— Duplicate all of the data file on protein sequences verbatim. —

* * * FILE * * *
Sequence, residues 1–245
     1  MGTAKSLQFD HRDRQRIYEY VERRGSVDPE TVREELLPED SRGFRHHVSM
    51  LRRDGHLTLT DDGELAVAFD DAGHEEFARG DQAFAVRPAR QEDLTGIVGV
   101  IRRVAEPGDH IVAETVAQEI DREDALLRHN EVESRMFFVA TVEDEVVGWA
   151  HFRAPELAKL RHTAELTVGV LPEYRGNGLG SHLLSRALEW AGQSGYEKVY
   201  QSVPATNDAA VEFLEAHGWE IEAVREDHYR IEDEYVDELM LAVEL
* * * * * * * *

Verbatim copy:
Sequence, residues 1–245
     1  MGTAKSLQFD HRDRQRIYEY VERRGSVDPE TVREELLPED SRGFRHHVSM
    51  LRRDGHLTLT DDGELAVAFD DAGHEEFARG DQAFAVRPAR QEDLTGIVGV
   101  IRRVAEPGDH IVAETVAQEI DREDALLRHN EVESRMFFVA TVEDEVVGWA
   151  HFRAPELAKL RHTAELTVGV LPEYRGNGLG SHLLSRALEW AGQSGYEKVY
   201  QSVPATNDAA VEFLEAHGWE IEAVREDHYR IEDEYVDELM LAVEL